CRIMINAL LAW AND PROCEDURE – SENTENCING – Whether a judge can only impose a sentence of death on an accused person who is found guilty of the offence of murder/culpable homicide punishable with death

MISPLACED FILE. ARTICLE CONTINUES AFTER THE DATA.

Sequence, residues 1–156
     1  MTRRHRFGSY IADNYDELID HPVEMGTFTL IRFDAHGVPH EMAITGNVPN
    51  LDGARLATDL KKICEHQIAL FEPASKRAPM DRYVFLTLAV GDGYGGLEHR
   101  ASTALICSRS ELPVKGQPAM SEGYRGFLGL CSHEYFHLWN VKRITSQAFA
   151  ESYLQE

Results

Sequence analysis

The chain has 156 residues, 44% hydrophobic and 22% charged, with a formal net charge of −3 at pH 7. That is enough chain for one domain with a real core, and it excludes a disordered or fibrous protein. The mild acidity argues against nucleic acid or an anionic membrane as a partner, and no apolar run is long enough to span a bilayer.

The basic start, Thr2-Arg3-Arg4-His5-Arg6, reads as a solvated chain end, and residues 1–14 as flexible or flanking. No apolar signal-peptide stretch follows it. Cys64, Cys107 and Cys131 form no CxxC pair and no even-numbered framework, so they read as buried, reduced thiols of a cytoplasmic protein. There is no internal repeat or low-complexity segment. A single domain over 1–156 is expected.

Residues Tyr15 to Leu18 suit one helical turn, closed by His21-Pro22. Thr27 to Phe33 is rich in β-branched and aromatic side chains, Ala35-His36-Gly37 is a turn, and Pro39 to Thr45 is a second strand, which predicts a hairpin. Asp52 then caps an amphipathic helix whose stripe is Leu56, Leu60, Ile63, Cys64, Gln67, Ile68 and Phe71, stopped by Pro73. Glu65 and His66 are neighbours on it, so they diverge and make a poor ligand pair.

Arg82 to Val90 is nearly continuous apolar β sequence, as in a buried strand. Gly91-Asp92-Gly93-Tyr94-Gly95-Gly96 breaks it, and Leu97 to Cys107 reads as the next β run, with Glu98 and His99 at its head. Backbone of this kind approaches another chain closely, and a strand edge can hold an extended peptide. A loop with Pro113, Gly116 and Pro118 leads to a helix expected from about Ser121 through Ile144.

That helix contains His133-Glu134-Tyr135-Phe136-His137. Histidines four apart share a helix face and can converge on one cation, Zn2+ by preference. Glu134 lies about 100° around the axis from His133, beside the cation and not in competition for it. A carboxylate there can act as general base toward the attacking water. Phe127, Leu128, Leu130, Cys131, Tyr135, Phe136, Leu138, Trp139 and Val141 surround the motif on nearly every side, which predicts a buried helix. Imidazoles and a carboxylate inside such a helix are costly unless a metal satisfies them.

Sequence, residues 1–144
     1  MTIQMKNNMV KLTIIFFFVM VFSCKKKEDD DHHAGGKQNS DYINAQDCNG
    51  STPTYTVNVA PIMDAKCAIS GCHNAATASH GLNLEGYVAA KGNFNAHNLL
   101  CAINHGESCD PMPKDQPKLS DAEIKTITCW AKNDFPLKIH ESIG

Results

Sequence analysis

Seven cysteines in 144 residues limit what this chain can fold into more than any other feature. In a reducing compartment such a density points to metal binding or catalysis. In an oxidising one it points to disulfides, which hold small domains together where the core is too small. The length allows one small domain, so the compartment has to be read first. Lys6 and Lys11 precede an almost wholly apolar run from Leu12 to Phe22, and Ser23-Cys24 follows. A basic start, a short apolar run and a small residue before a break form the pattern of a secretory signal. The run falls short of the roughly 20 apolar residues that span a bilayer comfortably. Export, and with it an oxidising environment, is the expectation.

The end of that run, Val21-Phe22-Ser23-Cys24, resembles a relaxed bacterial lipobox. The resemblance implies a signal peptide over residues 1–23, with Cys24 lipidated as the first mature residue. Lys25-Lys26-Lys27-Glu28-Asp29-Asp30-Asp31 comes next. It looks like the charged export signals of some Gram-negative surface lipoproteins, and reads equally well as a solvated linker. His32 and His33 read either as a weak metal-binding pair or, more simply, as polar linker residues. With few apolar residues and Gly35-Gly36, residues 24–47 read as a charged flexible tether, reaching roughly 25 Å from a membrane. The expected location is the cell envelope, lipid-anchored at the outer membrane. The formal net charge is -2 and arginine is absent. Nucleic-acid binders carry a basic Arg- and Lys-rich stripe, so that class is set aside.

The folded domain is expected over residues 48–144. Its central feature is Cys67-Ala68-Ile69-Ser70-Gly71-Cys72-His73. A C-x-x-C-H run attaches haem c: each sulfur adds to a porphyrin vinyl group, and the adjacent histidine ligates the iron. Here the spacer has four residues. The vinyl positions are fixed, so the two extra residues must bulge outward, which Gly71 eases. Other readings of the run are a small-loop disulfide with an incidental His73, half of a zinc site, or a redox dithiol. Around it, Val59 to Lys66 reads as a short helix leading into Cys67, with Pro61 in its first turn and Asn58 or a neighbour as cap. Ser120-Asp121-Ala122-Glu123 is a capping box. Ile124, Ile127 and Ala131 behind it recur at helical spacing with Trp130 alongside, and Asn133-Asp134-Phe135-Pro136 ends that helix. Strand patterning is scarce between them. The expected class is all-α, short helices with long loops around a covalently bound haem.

“I have no hesitancy in discountenancing the stance of the appellant on the substitution of sentence from life to death by hanging. This is by reason of the evidence on record and the findings of the Court of trial which found that the prosecution had proved the three essential ingredients of the offence of murder. For clarity at the risk of repetition, the ingredients are:- a. That the deceased died b. That it was the act of the appellant that caused the death. c. That the appellant had the intention to kill the deceased. The trial Court having found out that the prosecution had effectively and beyond reasonable doubt proved the offence of murder, the Court lacked the discretion to deviate from the sentence so prescribed for murder to meet out the punishment provided for manslaughter. The appellant was charged at the trial Court for an offence of murder contrary to Section 326(1) of the Criminal Code, Cap 38, Vol.2, Laws of Akwa Ibom State of Nigeria 2000 and it stipulates mandatorily thus:- “…any person who commits the offence of murder shall be sentenced to death.” See Haruna v A.G. Federation (2012)9 NWLR (pt.1306) 419; Ogualaji v A.G. Rivers state & Anor (1997) 5 NWLR (pt.508) 209 at 233. The Court below applied the appropriate law, the Respondent having cross-appealed against the conviction and sentence, to find the Appellant guilty of murder and sentenced to death by hanging. Therefore the Court below rightly relied on the case of State V. BABANGIDA JOHN (2013) 54.3 NSCQR 1903 at 1939, wherein this Court held that: “Once a judge finds an accused person guilty of culpable homicide, the only sentence he can pronounce is death. A judge has no discretion to reduce death sentence to a term of years once the accused person has been found guilty. The sentence of 14 years imprisonment after finding the accused/respondent guilty of culpable homicide was wrong, it is a material irregularity in the proceedings the trial Court and this Court could remedy it so that substantial justice might be done. The correct judgment of the trial Court is that the respondent is/was sentence to death.” See also the case of ODUNAYO V. STATE (2013) LPELR-21459. The Court below per Adah, JCA in addition to the lead judgment said: “in the instant case, the learned trial judge had found from the evidence that the Appellant is guilty of murder. The law requires as was held by Udo Udoma, JSC in Okpo VS. STATE (1972)2 SC24 that “once a person has been found guilty of having committed the offence of murder, it is mandatory that he be sentenced to death. No other form of punishment can be inflicted”. This was in the context of the instant case, the expectation of the law…” Clearly, the Court below was a top of its duty in rectifying what was evidently a dereliction of duty on the part of the trial Court at the sentencing point in the light of the evidence and the conclusion within the realm of its primary functions of a trial Court which saw, heard and watched the demeanour of witnesses while they testified. Therefore when the trial Court evaluated the evidence and exhaustively appraised the facts situating them to the offence charged which is that of murder, it follows that when it erroneously dished out the faulty punishment, the Court below was right in interfering at that stage and putting the record where it ought to be as provided for by the law.” Per PETER-ODILI, JSC in AKPAKPAN v. STATE (2021-LCER-40459-SC) (Pp 35 – 38 Paras A – A)

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